Julian Assange UK bail appeal to be heard Thursday

Dec 15, 2010 By JILL LAWLESS , Associated Press
People take part in a protest supporting Julian Assange outside Westminster Magistrates Court in London, Tuesday, Dec. 14, 2010. WikiLeaks founder Julian Assange appeared in a London court Tuesday seeking to fight his extradition to Sweden in a sex-crimes investigation and trying to secure bail after being held for a week in a British prison cell. The 39-year-old Australian was ordered held in custody by a judge at a hearing a week ago after surrendering himself to Scotland Yard to answer a Swedish arrest warrant. (AP Photo/Matt Dunham)

(AP) -- WikiLeaks founder Julian Assange will spend at least one more night in a British prison, after court officials said Wednesday that an appeal against the decision to grant him bail would not be heard for at least 24 hours.

Officials at the High Court in London said the appeal by Swedish authorities would be heard Thursday. The court said further details would be confirmed later Wednesday.

On Tuesday, a judge ordered Assange released on 200,000 pounds ($316,000) bail, but Swedish challenged the decision.

Assange has spent a week in prison following his surrender to British police over a Swedish sex-crimes warrant. He denies any wrongdoing but has refused to voluntarily surrender to Sweden's request to extradite him for questioning.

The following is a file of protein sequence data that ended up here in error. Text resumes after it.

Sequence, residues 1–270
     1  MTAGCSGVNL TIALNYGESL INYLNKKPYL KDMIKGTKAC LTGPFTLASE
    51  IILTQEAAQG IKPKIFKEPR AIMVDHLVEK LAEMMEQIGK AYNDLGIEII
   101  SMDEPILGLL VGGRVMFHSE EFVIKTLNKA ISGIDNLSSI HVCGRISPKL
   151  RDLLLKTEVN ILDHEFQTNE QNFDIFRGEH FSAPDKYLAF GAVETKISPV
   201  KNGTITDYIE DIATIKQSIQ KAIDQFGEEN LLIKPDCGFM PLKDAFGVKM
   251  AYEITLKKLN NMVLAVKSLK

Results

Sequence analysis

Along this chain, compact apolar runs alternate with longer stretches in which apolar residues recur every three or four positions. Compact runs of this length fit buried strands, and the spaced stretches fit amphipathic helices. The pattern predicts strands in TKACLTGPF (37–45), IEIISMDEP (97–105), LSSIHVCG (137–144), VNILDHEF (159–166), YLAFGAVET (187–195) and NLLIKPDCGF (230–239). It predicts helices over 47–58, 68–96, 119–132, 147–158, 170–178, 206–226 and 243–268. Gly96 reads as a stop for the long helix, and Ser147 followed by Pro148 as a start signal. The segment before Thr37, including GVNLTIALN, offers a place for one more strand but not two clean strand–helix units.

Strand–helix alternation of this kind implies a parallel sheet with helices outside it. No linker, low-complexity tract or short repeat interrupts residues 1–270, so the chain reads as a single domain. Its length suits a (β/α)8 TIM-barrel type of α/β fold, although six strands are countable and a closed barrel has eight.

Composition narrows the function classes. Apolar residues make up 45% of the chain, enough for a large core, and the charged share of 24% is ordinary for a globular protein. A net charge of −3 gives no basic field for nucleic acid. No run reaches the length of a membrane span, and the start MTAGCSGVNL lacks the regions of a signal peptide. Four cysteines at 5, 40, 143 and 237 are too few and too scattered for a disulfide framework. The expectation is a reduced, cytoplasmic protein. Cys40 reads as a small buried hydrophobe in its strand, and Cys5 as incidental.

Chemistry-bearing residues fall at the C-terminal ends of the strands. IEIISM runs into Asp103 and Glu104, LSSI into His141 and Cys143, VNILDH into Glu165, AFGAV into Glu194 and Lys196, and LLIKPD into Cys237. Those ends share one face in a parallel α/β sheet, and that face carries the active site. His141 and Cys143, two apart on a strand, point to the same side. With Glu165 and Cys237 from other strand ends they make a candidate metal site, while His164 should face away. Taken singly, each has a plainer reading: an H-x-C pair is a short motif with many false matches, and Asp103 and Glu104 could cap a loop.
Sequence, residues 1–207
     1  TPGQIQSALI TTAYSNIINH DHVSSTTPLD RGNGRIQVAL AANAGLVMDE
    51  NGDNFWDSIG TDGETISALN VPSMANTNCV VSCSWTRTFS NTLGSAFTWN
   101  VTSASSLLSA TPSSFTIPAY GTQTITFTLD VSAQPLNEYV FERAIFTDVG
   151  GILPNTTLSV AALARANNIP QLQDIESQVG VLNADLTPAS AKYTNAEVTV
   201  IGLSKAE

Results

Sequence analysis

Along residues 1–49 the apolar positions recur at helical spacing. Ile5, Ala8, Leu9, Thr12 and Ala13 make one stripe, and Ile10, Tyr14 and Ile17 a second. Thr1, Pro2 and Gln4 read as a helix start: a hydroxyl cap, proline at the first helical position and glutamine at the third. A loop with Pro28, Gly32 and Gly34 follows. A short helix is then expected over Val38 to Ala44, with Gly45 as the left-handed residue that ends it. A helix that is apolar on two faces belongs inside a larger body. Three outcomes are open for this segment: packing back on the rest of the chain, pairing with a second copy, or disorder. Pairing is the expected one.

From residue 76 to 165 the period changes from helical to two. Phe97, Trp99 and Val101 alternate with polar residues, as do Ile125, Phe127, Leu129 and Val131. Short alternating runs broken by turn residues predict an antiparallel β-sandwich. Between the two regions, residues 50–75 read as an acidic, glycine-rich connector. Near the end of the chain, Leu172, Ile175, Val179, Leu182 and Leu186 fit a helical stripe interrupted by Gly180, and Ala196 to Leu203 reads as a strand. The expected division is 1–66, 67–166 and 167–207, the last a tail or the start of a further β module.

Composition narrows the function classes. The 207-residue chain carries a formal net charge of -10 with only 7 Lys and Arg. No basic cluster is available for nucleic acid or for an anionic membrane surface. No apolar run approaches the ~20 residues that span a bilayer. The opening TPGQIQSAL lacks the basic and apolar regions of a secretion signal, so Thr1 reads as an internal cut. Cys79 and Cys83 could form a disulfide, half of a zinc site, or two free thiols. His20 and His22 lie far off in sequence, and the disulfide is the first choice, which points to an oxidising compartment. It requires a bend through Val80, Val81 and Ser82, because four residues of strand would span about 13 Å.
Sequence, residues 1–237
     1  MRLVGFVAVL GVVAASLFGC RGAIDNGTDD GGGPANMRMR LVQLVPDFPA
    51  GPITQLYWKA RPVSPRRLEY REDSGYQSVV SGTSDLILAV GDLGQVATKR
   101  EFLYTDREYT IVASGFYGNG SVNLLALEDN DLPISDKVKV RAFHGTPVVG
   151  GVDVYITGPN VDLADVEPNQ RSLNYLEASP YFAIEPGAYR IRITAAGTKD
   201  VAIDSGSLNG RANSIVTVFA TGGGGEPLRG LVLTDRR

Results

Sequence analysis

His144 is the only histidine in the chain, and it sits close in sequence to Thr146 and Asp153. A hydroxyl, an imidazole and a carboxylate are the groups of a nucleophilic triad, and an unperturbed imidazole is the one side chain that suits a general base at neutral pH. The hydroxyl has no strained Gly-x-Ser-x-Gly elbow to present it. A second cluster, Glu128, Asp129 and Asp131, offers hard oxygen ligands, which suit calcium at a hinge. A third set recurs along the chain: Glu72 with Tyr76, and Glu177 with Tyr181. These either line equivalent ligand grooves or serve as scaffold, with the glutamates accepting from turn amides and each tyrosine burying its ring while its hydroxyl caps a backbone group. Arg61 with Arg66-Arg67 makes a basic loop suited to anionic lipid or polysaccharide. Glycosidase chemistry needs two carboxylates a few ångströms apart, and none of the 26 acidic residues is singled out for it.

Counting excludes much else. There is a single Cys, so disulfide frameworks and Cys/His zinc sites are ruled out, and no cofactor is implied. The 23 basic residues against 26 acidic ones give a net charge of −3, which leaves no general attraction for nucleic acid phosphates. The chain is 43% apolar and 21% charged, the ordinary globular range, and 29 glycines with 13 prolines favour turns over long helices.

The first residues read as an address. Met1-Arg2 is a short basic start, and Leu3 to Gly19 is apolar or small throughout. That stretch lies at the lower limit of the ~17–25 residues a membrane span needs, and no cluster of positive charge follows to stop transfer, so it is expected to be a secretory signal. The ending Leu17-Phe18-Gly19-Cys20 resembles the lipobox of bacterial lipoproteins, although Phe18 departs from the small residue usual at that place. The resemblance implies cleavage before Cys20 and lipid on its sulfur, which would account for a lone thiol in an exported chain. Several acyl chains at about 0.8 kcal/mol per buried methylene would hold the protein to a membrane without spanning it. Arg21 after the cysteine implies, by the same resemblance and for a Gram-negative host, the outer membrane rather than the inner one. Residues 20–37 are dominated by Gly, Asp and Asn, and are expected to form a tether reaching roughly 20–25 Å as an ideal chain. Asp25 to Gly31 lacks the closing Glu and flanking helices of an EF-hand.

Supporters of the 39-year-old Australian say the charges are trumped up and possibly politically motivated.

Assange's British lawyer, Mark Stephens, said Wednesday that "somebody has it in for and we only can conjecture why."

But lawyer Gemma Lindfield, acting for Sweden, told Tuesday's hearing that Assange faced serious allegations and may abscond if granted bail.

She said he is accused of rape, molestation and unlawful coercion by two women for separate incidents in August. She said one had accused him of pinning her down and refusing to use a condom. A second woman says Assange had sex with her without a condom while he was a guest at her Stockholm home and she was asleep.

Assange has not been charged in Sweden. His lawyers say the allegations stem from a dispute over "consensual but unprotected sex" and argue that he has offered to make himself available for questioning via video link or in person in Britain.

LIndfield also rejected attempts to link Assange's case with the work of - which last month deeply angered U.S. officials by beginning to publish its trove of 250,000 secret U.S. diplomatic cables.

"This is not a case about WikiLeaks, rather a case about alleged serious offenses against two women," Lindfield said.

District Judge Howard Riddle approved bail on condition Assange wear an electronic tag, stay at a specific address in southern England, report to police every evening and observe two four-hour curfews each day in addition to putting up the bond.

His lawyers are struggling to assemble the bail money, which the court wants to see up front and in cash. Stephens said he had about half the amount by Wednesday.

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